Also,­ may all the fans of Hewitt and Roddick forgive me, but­ their careers show they from the very beginning­ didn’t have the quality that was required to­ dethrone Roger in his prime, so the road was pretty­ much open in the first couple of years for RF. Now­ there are two and a half players (seems Murray will­ make that three as of this year) who will dominate the­ game (with Roger admittedly losing his pace, even­ though he’s still a player to be feared of). This­ competition could bring the game-play to unimaginable­ levels, and now the other post makes more sense. Hope­ this gets published.

vox777 Says:

And about the final, I tend to think that Nole was nervous from the start, worried about his fitness level, so he pulled a trigger a bit early in some occasions or thought about it, which made him make more UE than he usually does. In fifth Nole tried to preserve his energy and move Nadal as much as he could from one corner to another in order to make him drop shots due to fatigue, which he did wonderfully (it sounds simple, hit one corner and then the other, but that is Nadal we are talking about and after hard SF and 5 and a half hours in the final it is unbelievable).
Just heard Mats Willander (who doubted the most in Nole) saying on Serbian TV, that he doesn’t see anyone who can beat Djokovic, that he can not think of a player in history which game would trouble Nole, and that he himself as young player wouldn’t be able to take a game of him per set.. Only mentioned Federer as possibility with slice serve and fast game, which is true…
He also said that Nole is his own biggest enemy which is also true… He could have beaten both Rafa and Murray in 4 if he played just a bit better on crucial points…
Rafa very aggressive but only 4% shots from him from inside of court, Nole 32%

El Flaco Says:

Here is the breakdown of serve direction and points won by Nadal on 1st serve.

AO 12
wide body middle –middle body wide
10—12—-17 – - –16—-12—-13

USO 11
wide body middle –middle body wide
5—-15—-5 – - —-5—–7—-13

Wimb 11
wide body middle –middle body wide
4—–2—-17 – - —12—-0—-8

USO 10
wide body middle –middle body wide
10—-10—-6 – - —8—–7—-14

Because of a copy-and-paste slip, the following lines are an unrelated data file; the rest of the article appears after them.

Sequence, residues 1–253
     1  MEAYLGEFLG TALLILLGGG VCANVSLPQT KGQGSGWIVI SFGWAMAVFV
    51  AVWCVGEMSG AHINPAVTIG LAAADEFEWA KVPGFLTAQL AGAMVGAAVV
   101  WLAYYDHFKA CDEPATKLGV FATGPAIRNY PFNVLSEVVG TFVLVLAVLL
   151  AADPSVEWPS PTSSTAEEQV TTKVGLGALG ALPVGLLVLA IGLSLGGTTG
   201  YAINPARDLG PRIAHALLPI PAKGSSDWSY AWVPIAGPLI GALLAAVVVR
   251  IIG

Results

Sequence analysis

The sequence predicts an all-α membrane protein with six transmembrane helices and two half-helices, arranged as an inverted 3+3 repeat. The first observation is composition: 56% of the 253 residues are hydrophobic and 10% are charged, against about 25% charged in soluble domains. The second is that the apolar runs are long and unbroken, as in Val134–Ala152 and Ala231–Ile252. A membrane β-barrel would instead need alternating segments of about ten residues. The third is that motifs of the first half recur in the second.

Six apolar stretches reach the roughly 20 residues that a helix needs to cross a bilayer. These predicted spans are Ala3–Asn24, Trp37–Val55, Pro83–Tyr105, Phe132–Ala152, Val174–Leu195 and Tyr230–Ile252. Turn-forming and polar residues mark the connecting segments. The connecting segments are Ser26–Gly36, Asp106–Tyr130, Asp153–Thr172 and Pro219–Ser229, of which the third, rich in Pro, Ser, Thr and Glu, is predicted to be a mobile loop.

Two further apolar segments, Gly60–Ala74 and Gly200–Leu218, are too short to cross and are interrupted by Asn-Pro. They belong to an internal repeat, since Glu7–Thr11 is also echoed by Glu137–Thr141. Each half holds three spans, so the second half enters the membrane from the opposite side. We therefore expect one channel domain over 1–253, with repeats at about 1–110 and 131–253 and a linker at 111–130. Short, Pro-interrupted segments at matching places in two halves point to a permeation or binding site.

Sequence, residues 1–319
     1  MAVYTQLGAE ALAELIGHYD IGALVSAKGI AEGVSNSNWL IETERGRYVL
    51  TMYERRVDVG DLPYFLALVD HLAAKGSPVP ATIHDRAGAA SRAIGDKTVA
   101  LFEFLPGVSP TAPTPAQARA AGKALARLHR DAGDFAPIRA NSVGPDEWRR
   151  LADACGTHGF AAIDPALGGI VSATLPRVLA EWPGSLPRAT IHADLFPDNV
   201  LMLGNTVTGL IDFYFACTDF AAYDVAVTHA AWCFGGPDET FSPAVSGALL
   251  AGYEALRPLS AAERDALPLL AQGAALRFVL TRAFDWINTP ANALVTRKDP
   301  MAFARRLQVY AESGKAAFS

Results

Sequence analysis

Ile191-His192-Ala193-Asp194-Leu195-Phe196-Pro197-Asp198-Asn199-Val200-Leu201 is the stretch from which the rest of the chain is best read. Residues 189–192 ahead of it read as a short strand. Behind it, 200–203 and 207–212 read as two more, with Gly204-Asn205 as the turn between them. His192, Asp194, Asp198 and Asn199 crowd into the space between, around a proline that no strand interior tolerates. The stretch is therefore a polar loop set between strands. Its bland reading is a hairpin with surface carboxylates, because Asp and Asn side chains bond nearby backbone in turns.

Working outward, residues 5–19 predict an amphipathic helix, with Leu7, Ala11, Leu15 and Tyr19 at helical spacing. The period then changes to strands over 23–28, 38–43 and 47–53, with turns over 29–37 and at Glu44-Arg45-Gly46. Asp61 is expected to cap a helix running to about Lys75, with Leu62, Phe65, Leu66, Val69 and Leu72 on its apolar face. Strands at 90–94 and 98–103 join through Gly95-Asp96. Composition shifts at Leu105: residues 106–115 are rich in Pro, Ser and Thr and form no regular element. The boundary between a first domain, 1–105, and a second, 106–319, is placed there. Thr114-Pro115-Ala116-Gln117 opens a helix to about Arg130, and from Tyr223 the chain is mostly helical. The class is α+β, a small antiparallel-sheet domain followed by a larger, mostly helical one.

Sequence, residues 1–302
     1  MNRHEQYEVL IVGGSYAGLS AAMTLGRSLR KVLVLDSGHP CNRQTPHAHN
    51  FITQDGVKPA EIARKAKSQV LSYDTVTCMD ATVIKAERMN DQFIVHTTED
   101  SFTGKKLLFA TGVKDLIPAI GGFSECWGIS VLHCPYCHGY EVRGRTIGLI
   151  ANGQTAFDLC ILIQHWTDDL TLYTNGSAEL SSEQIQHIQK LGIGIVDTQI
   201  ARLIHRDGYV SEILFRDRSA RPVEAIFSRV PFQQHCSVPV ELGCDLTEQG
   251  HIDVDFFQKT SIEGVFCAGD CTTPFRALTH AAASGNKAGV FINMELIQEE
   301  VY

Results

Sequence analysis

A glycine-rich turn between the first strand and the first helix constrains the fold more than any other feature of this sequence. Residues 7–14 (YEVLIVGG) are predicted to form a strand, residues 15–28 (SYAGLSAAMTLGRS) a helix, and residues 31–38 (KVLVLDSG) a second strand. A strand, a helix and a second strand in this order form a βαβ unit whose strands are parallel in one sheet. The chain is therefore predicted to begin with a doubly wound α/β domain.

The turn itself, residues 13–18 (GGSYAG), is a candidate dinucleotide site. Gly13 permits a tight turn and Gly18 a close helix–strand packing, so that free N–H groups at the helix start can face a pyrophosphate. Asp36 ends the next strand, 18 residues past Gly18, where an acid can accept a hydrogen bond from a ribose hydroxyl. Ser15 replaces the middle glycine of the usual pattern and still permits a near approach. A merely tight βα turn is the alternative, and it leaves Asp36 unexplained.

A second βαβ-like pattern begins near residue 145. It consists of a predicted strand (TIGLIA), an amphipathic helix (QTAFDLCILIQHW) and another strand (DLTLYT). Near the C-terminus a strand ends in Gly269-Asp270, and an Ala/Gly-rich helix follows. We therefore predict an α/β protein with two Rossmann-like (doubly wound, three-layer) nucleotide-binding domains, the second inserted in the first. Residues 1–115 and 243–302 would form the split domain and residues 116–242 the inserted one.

sheila Says:

on tennis channel, martina navritalova said the court played slow, almost like a clay court, which i would think, would have given nadal the huge advantage. yes nadal stayed close w/djokovic, but he did lose. federer stayed close w/nadal in some of their matches & he still lost. what amazes me, to be honest, is how more players arent beating nadal on hardcourts, not clay, but hardcourts. delpotro, berdych, soderling, tsonga, all these guys have huge groundstrokes & serves & dont beat nadal. the difference w/djokovic & these guys, he grew a pair of tennis balls & began 2believe. even murray, especially after the semis, w/that aggressive play, should @ least be threatening nadal on hardcourt & grass. imho, federers 1 handed bh just doesnt match up well against nadals topspin fh + federer is about the same height as nadal so the topspin really bounces up on him. these other guys have huge games, huge serves & are taller than nadal. well if these other tennis players were watching this match they should take something from djokovic’s win. mentally & physically they cant keep up. berdych was bombing some shots @ nadal in the qtrs, but he doesnt believe he can beat nadal. frankly, i hope 2012 brings more guys into the mix. federer was dominate for a long time, nadal has been dominate, what seems like 4ever & hes only 25 & now its djokovics time. hope some other players get into the mix. also i totally agree with ajet, womens tennis sucks. they really need to let women play a best of 5 in the major finals @ least. why shouldnt they be able to handle that. they train for it dont they. they should be as capable as the men to play a best of 5 in the final of a major. i also think this match was so long because these guys take 30 seconds btwn points, if not longer. nadal is so slow btwn points, delpotro is worse.

El Flaco Says: